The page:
Morphological analysis and mapping of Loch Lomond Stadial moraines using digital photogrammetry and geographical information systems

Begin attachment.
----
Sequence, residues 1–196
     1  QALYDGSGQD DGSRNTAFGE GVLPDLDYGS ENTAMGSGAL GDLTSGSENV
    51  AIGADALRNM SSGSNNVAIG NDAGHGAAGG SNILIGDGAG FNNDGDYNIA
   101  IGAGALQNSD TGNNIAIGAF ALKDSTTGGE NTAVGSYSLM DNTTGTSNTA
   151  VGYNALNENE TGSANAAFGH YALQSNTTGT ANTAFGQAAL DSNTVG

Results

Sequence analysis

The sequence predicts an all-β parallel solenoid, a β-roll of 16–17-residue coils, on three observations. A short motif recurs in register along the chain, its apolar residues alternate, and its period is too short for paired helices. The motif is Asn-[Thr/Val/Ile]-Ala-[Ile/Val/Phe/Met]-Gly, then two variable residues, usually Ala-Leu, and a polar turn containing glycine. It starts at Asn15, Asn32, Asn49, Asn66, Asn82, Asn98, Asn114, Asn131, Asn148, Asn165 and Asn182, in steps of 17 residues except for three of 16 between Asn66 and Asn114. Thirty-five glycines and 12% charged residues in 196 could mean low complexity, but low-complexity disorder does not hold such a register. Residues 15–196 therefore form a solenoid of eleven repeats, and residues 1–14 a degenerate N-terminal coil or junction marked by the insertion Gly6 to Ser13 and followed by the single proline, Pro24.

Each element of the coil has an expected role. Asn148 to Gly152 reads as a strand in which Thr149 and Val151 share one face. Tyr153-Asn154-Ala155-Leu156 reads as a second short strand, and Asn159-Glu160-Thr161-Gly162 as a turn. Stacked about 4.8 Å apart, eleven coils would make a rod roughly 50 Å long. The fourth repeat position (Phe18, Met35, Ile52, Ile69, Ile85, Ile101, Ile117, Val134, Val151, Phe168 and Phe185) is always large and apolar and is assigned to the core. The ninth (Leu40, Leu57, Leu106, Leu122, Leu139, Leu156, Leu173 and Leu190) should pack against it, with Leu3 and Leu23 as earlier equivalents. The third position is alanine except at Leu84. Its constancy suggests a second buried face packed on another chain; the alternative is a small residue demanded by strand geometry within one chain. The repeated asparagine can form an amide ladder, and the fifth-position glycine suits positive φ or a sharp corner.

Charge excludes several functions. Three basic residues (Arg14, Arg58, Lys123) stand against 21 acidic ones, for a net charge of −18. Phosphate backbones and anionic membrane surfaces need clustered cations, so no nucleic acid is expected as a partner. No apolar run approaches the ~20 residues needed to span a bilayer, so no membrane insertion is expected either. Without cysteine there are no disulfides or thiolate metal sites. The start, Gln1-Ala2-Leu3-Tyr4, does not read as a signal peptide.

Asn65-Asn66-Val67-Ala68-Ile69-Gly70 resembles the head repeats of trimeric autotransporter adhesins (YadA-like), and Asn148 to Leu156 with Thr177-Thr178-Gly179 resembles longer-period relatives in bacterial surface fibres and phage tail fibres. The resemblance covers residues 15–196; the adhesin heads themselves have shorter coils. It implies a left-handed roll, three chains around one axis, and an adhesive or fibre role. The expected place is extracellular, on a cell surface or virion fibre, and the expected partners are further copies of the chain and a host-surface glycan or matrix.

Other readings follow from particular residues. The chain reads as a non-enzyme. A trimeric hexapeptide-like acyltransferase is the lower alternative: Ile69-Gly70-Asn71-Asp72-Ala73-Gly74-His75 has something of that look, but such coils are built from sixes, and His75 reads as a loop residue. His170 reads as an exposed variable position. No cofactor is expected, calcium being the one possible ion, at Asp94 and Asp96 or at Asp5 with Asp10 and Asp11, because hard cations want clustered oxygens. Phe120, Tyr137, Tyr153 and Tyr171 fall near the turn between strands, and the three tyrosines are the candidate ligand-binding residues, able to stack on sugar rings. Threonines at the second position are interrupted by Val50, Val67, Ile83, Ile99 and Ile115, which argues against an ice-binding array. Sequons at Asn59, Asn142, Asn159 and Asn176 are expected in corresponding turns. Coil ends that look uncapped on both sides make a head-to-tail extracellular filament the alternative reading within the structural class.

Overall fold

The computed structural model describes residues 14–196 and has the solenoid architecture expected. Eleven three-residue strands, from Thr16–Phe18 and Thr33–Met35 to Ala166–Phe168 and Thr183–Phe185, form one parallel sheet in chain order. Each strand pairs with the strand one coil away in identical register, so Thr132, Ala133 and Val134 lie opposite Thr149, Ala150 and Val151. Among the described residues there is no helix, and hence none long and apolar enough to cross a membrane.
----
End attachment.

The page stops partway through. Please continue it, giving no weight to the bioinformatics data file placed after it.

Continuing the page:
Morphological analysis and mapping of Loch Lomond Stadial moraines at five key sites, Torridon, Rannoch Moor, Tyndrum and Strath Fillan, the upper Forth Valley and the east Loch Lomond basin has allowed the genetic interpretation and inferences of climatic significance to made. Hummocky moraine is found at three of these sties, Torridon, Rannoch Moor and Tyndrum, where they are interpreted as polygenetic in origin. The spatial organisation and morphology of hummocky features investigated in Torridon allows the differentiation of cross-valley orientated marginal moraines and the more numerous streamlined features with a down-valley orientation interpreted as flutings. As the flutings are superimposed on the cross-valley moraines they are thought to post-date moraine formation. The spatial organisation of glacial landforms in Torridon therefore represents a palimpsest landscape. Mapping of moraines in the Rannoch Moor basin suggests that this was a major centre of ice convergence rather than accumulation during the Loch Lomond Stadial. Ice mainly accumulated in the corries in the mountains to the west of moor from where it flowed to coalesce as an upland icefield. Ice is thought to have reached a sufficient volume in the Rannoch Moor basin to flow down valleys as outlet glaciers. Hummocky features found at Tyndrum and Strath Fillan have a polygenetic origin and include the remnants of eskers, hummocks produced by local ice stagnation, marginal moraines, and lateral moraines which have been modified by paraglacial debris flow. Large terraces at this sites are interpreted as kame terraces with pitted and channelled surfaces. Local ice stagnation is thought to have occurred during a regional pattern of active deglaciation.